Take the 2-minute tour ×
Stack Overflow is a question and answer site for professional and enthusiast programmers. It's 100% free, no registration required.

I am trying to run 100000 and more particles. I've been watching many tutorials and other examples that demonstrate the power of shaders and OpenCL.

In one example that I watched, particle's position was calculated based on the position of your mouse pointer(physical device that you hold with one hand and cursor on the screen). The position of each particle was stored as RGB. R being x, G y, and B, z. And passed to pixel shader.And then each color pixel was drawn as position of particle afterward.

However I felt absurd towards this approach.

  • Isn't this approach or coding style rather to be avoided?
  • Shoudn't I learn how to use OpenCL and use the power of GPU's multithreading to directly state and pass my intended code?
share|improve this question
12  
+1 for explaining to me what a computer mouse is. –  Christian Rau Aug 7 '12 at 8:19
    
@ChristianRau oh god, at first I thought you where joking, but then I read it. Epic –  thecoshman Dec 12 '12 at 9:16

2 Answers 2

up vote 12 down vote accepted

Isn't this approach or coding style rather to be avoided?

Why?

The entire point of shaders is for you to be able to do what you want, to more effectively express what you want to do, and to allow yourself greater control over the hardware.

You should never, ever be afraid of re-purposing something for a different functionality. Textures do not store colors; they store data, which can be color, but it can also be other stuff. The sooner you stop thinking of textures as pictures, the better off you will be as a graphics programmer.

The GPU and API exist to be used. Use it as you see fit; do not allow how you think the API should be used to limit you.

Shoudn't I learn how to use OpenCL and use the power of GPU's multithreading to directly state and pass my intended code?

Yesterday, I would have said "yes". However, today this was released: OpenGL compute shaders.

The fact that the OpenGL ARB and Khronos created this shader type and so forth is a tacit admission that OpenCL/OpenGL interop is not the most efficient way to generate data for rendering purposes. After all, if it was, there would be no need for OpenGL to have generalized compute functionality. There were 3 versions of GL 4.x that didn't provide this. The fact that it's here now is basically the ARB saying, "Yeah, OK, we need this."

If the ARB, staffed by many people who make the hardware, think that CL/GL interop is not the fastest way to go, then it's pretty clear that you should use compute shaders.

Of course, if you're trying to do something right now, that won't help; only NVIDIA has compute shader support. And even that's only in beta drivers. It will take many months before AMD gets support for them, and many more before that support becomes solid and stable enough to use.

Even so, you don't need compute shaders to generate data. People have used transform feedback and geometry shaders to do LOD and frustum culling for instanced rendering. Do not be afraid to think outside of the "OpenGL draws stuff" box.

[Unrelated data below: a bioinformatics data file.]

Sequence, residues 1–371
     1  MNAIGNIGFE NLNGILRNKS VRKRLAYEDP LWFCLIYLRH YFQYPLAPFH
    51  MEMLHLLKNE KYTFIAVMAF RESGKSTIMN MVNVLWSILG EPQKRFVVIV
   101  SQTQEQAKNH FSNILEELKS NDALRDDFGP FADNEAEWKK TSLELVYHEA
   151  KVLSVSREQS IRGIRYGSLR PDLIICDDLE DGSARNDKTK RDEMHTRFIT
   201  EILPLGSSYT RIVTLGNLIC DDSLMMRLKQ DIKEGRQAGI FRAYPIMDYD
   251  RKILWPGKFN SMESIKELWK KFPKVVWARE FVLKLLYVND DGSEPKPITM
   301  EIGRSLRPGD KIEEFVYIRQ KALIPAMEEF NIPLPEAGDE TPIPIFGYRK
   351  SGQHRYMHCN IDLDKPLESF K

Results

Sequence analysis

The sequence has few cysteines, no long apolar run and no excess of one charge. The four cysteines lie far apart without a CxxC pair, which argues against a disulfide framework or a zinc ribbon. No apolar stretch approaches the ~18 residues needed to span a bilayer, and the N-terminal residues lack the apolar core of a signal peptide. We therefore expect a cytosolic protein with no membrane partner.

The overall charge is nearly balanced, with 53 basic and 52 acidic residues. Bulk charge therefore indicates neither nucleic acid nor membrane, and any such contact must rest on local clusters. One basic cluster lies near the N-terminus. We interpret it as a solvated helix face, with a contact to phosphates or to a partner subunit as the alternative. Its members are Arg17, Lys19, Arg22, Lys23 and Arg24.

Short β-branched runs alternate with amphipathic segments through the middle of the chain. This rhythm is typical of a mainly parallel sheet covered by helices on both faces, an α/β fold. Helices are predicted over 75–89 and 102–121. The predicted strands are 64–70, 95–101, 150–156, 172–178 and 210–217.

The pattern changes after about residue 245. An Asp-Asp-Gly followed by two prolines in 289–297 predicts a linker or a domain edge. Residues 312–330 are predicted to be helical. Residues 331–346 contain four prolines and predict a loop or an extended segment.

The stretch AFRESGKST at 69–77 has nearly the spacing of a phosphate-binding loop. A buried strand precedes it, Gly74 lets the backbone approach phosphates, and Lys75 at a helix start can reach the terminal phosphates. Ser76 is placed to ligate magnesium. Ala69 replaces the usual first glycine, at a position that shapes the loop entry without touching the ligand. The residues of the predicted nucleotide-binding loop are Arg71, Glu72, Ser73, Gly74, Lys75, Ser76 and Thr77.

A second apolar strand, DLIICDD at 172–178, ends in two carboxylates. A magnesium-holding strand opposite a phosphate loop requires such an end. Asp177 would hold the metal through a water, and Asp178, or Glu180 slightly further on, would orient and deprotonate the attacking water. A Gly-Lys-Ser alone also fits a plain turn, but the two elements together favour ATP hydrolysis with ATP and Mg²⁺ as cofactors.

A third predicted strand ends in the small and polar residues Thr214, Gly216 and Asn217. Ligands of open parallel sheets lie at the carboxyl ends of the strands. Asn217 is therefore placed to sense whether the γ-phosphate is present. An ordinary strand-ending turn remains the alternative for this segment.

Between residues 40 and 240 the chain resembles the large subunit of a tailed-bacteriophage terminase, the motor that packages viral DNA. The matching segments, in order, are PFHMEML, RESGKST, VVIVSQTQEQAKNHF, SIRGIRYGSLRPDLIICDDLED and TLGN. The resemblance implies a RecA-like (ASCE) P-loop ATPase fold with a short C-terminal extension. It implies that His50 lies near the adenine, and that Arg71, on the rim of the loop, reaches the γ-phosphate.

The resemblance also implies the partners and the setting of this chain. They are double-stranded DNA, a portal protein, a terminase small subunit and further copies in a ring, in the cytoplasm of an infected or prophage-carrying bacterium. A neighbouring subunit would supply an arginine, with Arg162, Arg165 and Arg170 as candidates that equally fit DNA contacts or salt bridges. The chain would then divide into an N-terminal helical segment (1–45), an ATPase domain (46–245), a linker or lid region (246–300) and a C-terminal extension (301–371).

share|improve this answer
1  
Thank you so much and I did not expect such a detailed explanation. <3 <3 <3 I will try to focuse on learning more about OpenGL and shader. I was too afrid to think outside of the box. Most of the times I tried something that I thought to be a clever approach was unfitting rather counter intuitive, in other words, bad coding example. So I think since then I tried to use code and other utilities I can incorporate as they intended. I will try to build a shader for my particle project, yet I am still afraid for the possiblity of ugly, counterintuitive code. It's an eye opening answer from you tha –  BlueBug Aug 7 '12 at 4:15
    
that you said "Do not be afraid to think outside of the "OpenGL draws stuff" box." It literally frigtenes me to think or do stuff myself. I mean I tend to compare myself to others cuz I know there are people outside so much better and know much in great details. plus there are so many good tutorials and vidoes on graphic programming that I don't really understand either. I usually feel very small when it comes to programming. All I do is mostly following a tutorial or mimicking something that someone else had already built (lighting and other stuff). –  BlueBug Aug 7 '12 at 4:21
1  
this is how we all started out, @user1217203. Go out there and create something! –  Steven Lu Aug 8 '12 at 2:17

To simulate particles in OpenCL, you should try out "Yet Another Shader Editor" / http://yase.chnk.us/ - it takes away all the tricky parts and lets you get down to the meat of coding the particle control algorithms. IN YOUR BROWSER. Nothing to download, no accounts to create, just alter whatever examples you find. It's a blast.

https://lotsacode.wordpress.com/2013/04/16/fun-with-particles-yet-another-shader-editor/

I'm not affiliated with yase in any way.

share|improve this answer

Your Answer

 
discard

By posting your answer, you agree to the privacy policy and terms of service.

Not the answer you're looking for? Browse other questions tagged or ask your own question.